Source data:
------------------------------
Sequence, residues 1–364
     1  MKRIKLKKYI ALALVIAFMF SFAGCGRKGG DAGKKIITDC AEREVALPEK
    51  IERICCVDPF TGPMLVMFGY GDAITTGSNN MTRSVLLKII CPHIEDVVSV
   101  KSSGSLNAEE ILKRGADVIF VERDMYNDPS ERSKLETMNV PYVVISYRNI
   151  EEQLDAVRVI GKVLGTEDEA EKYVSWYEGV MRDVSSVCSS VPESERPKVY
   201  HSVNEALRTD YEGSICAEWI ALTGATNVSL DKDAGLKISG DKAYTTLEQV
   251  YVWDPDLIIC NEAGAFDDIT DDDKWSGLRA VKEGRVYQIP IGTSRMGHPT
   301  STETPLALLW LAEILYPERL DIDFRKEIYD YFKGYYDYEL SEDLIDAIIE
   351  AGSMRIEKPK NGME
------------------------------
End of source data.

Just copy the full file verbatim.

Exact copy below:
Sequence, residues 1–364
     1  MKRIKLKKYI ALALVIAFMF SFAGCGRKGG DAGKKIITDC AEREVALPEK
    51  IERICCVDPF TGPMLVMFGY GDAITTGSNN MTRSVLLKII CPHIEDVVSV
   101  KSSGSLNAEE ILKRGADVIF VERDMYNDPS ERSKLETMNV PYVVISYRNI
   151  EEQLDAVRVI GKVLGTEDEA EKYVSWYEGV MRDVSSVCSS VPESERPKVY
   201  HSVNEALRTD YEGSICAEWI ALTGATNVSL DKDAGLKISG DKAYTTLEQV
   251  YVWDPDLIIC NEAGAFDDIT DDDKWSGLRA VKEGRVYQIP IGTSRMGHPT
   301  STETPLALLW LAEILYPERL DIDFRKEIYD YFKGYYDYEL SEDLIDAIIE
   351  AGSMRIEKPK NGME